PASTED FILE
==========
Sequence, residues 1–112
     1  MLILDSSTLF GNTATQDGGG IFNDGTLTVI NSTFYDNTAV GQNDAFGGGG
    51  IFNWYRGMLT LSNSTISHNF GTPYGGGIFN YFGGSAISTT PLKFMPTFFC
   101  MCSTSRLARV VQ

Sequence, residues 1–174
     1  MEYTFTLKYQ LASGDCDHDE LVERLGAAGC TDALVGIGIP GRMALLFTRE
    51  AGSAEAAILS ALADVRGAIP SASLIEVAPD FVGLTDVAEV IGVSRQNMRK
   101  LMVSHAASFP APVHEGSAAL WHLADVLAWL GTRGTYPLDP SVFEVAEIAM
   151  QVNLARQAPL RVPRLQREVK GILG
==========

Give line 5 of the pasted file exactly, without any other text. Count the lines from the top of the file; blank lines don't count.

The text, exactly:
Sequence, residues 1–174